Samsung Confirms Their GDDR7 Memory Will Use PAM3 Signaling Technology

Samsung showcased what their GDDR7 memory offered a while back. Today, thanks to Ian Cutress, we have come across a slide that gives us more information about Samsung’s upcoming G7 memory. 

36Gbps Speed & PAM3 Signaling

The slide confirms that Samsung’s GDDR7 memory will firstly, have 36Gbps of bandwidth. These GDDR7 modules run at 36Gbps which over a 384-bit bus rate amounts up to a massive 1.728TB/s of effective bandwidth. This is ~70% more than the RTX 4090. This new GDDR7 memory is aimed at the data center, HPC, mobile, gaming, and automotive market segments.

That’s almost 2x more than what AMD’s RDNA2 GPUs used. The title for the world’s fastest memory modules belongs to none other than Samsung with its 24Gbps G6 modules. These new models are much faster than GDDR6X, which is exclusive to NVIDIA and is made by Micron

GDDR7 PAM3 | Dr. Ian Cutress

The second important characteristic is PAM3 signaling. GDDR6X memory by Micron, on the other hand, uses PAM4 signaling. PAM3 uses 3 distinct levels, which lead to 3 different values; -1, 0, and 1. Using a certain threshold, the signal’s value can be detected. Similarly, this new memory offers 25% better efficiency than NRZ (Non-Return to Zero) which is used in GDDR6.

Release Date

While we do not have a clear date for G7’s release, don’t get your hopes too high. GDDR7 is extremely fast and possibly too fast for the industry at the moment. NVIDIA’s RTX 4000 and AMD’s RX 7000 GPUs already use G6/G6X memory so GDDR7 can only become a real solution if either of these companies is planning for a refresh.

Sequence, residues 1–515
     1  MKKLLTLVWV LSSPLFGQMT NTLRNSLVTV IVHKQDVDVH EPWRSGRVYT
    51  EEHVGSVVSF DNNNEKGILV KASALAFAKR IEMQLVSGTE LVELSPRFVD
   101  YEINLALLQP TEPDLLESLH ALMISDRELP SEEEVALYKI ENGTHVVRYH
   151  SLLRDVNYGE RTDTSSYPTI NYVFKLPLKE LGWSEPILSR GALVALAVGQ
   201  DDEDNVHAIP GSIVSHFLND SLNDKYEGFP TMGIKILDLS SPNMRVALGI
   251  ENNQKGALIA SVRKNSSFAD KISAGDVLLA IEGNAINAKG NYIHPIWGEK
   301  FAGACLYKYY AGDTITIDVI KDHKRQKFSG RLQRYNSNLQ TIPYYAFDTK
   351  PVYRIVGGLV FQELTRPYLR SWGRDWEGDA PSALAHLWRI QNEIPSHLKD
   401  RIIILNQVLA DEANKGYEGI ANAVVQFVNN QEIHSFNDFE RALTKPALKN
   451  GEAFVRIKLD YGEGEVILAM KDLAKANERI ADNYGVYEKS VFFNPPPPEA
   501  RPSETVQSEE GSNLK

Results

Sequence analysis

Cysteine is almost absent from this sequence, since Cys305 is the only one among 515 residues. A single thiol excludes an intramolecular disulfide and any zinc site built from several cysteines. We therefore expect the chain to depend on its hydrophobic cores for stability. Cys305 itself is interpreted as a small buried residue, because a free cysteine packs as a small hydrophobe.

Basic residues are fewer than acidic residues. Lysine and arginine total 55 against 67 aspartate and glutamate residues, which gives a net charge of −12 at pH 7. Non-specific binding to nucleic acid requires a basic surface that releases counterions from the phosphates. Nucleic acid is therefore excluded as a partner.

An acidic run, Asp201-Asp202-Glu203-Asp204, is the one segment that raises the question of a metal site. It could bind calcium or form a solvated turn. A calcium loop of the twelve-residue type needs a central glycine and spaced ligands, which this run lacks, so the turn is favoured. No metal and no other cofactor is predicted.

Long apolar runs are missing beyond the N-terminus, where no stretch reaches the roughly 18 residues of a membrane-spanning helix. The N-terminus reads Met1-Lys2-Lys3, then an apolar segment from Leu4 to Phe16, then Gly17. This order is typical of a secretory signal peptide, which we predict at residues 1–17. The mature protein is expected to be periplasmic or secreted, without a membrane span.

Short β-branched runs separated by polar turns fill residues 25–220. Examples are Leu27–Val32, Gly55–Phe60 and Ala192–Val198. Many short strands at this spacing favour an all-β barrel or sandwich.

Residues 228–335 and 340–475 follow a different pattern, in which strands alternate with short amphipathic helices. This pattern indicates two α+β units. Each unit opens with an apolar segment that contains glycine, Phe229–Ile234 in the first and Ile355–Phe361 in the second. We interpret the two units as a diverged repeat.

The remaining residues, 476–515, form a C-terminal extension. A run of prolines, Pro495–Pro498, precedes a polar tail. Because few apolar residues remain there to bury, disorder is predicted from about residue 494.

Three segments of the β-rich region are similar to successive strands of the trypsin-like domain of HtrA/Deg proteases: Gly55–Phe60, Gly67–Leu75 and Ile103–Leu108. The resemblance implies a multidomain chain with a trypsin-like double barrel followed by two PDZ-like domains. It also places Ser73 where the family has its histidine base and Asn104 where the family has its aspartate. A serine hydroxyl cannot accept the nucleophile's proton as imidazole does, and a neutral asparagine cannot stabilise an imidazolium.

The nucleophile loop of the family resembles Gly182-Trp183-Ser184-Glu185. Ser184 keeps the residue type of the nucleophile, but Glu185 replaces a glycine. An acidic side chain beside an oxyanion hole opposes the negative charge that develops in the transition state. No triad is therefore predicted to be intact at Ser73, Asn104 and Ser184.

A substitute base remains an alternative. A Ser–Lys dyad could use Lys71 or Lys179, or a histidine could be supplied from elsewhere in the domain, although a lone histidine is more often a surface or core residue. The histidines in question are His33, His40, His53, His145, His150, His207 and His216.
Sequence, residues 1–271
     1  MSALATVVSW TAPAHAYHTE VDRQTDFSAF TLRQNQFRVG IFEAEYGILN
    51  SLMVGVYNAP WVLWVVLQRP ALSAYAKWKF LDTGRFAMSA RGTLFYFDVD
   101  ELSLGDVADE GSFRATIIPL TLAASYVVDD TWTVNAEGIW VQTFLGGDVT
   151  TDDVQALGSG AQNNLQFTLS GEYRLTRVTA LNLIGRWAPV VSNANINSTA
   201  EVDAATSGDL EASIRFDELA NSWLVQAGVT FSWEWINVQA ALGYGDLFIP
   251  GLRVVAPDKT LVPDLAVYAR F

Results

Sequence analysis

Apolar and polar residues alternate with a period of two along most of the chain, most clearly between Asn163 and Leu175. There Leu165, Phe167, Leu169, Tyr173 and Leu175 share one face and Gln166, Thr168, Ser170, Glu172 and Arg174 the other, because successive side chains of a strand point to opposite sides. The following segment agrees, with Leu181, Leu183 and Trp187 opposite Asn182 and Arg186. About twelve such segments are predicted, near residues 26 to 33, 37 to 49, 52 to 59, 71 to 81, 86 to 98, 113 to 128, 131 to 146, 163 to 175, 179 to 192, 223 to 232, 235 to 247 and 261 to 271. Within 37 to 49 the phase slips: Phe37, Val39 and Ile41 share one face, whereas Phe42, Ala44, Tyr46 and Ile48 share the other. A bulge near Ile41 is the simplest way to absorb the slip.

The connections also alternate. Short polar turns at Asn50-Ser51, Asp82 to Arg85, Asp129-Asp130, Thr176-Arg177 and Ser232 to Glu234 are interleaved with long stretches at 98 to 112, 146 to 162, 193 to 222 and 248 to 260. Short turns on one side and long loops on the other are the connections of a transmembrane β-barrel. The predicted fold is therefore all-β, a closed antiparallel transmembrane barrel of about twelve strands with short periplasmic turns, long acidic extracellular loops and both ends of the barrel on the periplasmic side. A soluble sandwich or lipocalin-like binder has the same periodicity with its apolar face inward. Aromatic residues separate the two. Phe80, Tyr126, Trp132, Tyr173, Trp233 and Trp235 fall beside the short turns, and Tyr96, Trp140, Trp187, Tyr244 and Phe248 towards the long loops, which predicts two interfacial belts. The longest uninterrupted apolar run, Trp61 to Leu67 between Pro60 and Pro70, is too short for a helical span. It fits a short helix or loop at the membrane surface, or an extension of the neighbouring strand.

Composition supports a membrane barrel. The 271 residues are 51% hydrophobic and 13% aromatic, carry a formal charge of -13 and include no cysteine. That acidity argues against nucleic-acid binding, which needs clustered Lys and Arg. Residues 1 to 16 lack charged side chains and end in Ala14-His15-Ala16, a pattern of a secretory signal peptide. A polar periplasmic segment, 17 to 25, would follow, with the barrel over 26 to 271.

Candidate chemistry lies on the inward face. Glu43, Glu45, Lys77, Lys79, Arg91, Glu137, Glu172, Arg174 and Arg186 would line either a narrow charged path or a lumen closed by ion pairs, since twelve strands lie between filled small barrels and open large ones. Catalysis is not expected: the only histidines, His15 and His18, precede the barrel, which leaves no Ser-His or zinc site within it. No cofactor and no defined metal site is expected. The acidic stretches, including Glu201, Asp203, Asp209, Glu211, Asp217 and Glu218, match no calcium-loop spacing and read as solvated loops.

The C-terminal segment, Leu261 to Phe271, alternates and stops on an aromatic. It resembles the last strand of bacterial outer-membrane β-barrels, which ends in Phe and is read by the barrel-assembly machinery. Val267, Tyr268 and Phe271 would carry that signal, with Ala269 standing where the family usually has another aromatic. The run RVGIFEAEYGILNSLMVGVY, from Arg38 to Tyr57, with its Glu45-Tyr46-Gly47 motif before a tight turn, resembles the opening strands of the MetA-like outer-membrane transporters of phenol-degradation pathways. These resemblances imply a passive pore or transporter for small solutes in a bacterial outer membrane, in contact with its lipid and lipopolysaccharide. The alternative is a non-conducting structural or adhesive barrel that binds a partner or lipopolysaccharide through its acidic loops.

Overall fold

It is hard to say if Ada and RDNA3 refreshes could leverage this technology. NVIDIA has already taken the performance crown and AMD has no interest in matching NVIDIA, performance-wise. AMD is aiming to take hold of NVIDIA’s market share because your typical Monolithic chip cannot compete against an MCM design in the lower-mid-ranged segment.

NVIDIA most probably won’t launch Ada with G7 because we suspect that they are in a contract with Micron. AMD, on the other hand, could do so but it would be pointless to spend a huge amount of cash on a Big Navi GPU to beat NVIDIA on all fronts. That simply is too costly for AMD and the consumer.


Abdullah Faisal

With a love for computers since the age of give, Abdullah has always sought to delve into the depths of information, and uses it as his guiding light. He believes success is of utmost importance as history is written by the victor.
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